There is more than meets the eye when it comes to being a tire builder. For example, did you know that they make an average of $16.05 an hour? That's $33,378 a year!
Between 2018 and 2028, the career is expected to grow 8% and produce 80,100 job opportunities across the U.S.
There are certain skills that many tire builders have in order to accomplish their responsibilities. By taking a look through resumes, we were able to narrow down the most common skills for a person in this position. We discovered that a lot of resumes listed business skills, detail oriented and dexterity.
When it comes to the most important skills required to be a tire builder, we found that a lot of resumes listed 20.3% of tire builders included safety guidelines, while 7.3% of resumes included safety procedures, and 6.5% of resumes included raw materials. Hard skills like these are helpful to have when it comes to performing essential job responsibilities.
When it comes to searching for a job, many search for a key term or phrase. Instead, it might be more helpful to search by industry, as you might be missing jobs that you never thought about in industries that you didn't even think offered positions related to the tire builder job title. But what industry to start with? Most tire builders actually find jobs in the manufacturing and retail industries.
If you're interested in becoming a tire builder, one of the first things to consider is how much education you need. We've determined that 7.6% of tire builders have a bachelor's degree. In terms of higher education levels, we found that 0.7% of tire builders have master's degrees. Even though some tire builders have a college degree, it's possible to become one with only a high school degree or GED.
Choosing the right major is always an important step when researching how to become a tire builder. When we researched the most common majors for a tire builder, we found that they most commonly earn high school diploma degrees or associate degree degrees. Other degrees that we often see on tire builder resumes include diploma degrees or bachelor's degree degrees.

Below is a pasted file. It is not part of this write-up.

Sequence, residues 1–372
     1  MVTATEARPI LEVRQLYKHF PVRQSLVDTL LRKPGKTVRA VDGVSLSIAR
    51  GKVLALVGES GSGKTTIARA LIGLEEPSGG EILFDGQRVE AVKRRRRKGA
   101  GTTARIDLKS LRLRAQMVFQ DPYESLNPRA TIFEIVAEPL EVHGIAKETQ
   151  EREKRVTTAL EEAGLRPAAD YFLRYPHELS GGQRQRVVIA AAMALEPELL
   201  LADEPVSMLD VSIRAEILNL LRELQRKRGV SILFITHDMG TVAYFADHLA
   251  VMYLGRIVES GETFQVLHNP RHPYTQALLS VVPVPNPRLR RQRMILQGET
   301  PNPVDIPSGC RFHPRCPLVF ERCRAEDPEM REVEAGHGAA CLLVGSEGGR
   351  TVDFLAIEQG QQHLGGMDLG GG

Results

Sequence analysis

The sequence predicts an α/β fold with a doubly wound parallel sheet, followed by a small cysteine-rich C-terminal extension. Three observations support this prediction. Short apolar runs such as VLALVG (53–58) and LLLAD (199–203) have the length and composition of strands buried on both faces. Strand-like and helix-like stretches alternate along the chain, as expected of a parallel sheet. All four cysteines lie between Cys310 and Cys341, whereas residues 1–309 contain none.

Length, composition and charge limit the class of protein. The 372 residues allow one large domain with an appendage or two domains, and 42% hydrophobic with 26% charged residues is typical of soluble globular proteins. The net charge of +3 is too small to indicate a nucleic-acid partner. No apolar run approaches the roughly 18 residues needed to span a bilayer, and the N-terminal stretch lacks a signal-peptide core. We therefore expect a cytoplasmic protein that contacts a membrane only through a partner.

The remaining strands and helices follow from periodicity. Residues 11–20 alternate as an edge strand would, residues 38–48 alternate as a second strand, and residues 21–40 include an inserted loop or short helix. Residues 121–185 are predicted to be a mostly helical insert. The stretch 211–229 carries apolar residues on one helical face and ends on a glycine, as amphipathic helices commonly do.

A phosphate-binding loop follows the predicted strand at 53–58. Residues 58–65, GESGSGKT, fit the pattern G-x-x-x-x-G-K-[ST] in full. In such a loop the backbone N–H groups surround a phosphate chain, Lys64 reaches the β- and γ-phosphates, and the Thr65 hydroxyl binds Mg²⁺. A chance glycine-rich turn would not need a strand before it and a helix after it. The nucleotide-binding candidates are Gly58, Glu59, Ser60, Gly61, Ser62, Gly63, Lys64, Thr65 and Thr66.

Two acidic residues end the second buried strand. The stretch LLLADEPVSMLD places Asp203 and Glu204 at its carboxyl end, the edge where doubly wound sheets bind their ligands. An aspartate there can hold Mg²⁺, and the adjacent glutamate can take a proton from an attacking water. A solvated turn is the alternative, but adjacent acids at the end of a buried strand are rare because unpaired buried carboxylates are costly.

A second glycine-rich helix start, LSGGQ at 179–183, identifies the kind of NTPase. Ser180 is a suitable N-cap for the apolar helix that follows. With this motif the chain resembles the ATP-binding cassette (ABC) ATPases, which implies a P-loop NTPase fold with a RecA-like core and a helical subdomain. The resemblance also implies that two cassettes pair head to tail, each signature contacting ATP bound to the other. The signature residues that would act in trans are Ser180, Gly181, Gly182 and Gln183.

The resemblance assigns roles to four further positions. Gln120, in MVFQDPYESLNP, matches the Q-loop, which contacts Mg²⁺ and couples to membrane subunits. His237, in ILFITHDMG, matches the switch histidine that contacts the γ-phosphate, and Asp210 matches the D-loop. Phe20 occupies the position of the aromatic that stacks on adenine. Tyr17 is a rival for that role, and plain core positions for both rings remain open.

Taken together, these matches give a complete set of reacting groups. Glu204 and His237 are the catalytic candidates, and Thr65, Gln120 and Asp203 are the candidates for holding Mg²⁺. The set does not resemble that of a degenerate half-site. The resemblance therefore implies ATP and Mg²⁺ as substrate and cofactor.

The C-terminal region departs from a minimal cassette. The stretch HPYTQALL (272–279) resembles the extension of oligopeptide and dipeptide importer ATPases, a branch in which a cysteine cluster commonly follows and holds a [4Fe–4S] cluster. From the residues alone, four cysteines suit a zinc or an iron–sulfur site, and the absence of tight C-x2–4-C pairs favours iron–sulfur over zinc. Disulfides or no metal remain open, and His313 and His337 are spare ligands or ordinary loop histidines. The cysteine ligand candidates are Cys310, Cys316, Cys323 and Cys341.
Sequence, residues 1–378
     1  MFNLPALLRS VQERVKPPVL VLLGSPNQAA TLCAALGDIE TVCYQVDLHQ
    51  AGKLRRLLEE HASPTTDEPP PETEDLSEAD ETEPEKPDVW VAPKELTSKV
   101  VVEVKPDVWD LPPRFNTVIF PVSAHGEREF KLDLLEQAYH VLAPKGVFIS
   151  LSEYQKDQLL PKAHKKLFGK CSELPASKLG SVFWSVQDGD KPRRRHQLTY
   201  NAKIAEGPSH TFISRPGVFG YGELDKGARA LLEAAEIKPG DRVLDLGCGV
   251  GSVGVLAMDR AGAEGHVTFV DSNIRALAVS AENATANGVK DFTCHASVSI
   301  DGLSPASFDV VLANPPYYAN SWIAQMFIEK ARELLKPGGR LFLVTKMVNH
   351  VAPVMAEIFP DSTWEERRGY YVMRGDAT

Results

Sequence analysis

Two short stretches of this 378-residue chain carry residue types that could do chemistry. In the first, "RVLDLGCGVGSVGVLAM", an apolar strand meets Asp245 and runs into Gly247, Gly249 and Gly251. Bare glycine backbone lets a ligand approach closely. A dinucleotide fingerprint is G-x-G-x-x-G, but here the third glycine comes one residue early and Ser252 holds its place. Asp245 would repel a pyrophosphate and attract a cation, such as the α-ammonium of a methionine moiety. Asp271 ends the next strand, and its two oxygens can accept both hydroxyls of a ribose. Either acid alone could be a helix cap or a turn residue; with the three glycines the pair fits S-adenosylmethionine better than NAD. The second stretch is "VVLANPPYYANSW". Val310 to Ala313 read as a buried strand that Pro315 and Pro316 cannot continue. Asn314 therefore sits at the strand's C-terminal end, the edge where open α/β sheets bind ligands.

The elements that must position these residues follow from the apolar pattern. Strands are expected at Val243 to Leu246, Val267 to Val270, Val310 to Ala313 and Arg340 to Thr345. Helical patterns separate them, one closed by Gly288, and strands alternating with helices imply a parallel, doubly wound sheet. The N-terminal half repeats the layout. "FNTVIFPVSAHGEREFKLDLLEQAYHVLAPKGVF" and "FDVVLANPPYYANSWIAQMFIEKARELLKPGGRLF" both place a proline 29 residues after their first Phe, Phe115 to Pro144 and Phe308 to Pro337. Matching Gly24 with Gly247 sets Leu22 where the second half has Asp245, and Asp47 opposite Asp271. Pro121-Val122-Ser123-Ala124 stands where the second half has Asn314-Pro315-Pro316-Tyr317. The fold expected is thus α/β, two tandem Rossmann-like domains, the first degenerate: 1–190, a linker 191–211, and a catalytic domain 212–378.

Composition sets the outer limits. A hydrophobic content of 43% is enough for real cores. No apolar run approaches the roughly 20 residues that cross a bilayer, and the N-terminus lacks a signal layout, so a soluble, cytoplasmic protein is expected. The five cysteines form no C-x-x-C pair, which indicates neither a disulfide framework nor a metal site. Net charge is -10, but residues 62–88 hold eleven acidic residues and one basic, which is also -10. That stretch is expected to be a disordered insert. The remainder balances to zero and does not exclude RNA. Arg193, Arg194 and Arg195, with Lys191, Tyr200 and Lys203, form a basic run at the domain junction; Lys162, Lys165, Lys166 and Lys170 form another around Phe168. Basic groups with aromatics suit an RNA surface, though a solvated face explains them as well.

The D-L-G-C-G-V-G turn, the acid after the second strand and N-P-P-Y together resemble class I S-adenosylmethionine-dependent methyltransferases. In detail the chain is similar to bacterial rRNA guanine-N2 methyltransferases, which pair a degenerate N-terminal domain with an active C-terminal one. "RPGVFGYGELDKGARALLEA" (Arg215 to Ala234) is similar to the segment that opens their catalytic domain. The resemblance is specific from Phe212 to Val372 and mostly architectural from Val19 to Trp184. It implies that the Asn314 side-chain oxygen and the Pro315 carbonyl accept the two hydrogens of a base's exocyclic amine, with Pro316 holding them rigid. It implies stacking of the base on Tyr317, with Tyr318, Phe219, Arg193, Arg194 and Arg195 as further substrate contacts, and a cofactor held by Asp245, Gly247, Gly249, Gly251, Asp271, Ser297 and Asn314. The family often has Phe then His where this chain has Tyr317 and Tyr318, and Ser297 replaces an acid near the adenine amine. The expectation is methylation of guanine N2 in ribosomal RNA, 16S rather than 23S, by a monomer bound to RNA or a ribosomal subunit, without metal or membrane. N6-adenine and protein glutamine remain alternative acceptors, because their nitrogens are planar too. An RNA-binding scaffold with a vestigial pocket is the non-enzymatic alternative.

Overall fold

You may find that experience in other jobs will help you become a tire builder. In fact, many tire builder jobs require experience in a role such as machine operator. Meanwhile, many tire builders also have previous career experience in roles such as cashier or forklift operator.
Tell us your goals and we'll match you with the right jobs to get there.
In addition to switching up your job search, it might prove helpful to look at a career path for your specific job. Now, what's a career path you ask? Well, it's practically a map that shows how you might advance from one job title to another. Our career paths are especially detailed with salary changes. So, for example, if you started out with the role of technician you might progress to a role such as team leader eventually. Later on in your career, you could end up with the title plant manager.
Tell us your goals and we'll match you with the rights job to get there.
Use Zippia's Salary Calculator to see how your pay matches up.
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The skills section on your resume can be almost as important as the experience section, so you want it to be an accurate portrayal of what you can do. Luckily, we've found all of the skills you'll need so even if you don't have these skills yet, you know what you need to work on. Out of all the resumes we looked through, 20.3% of tire builders listed safety guidelines on their resume, but soft skills such as business skills and detail oriented are important as well.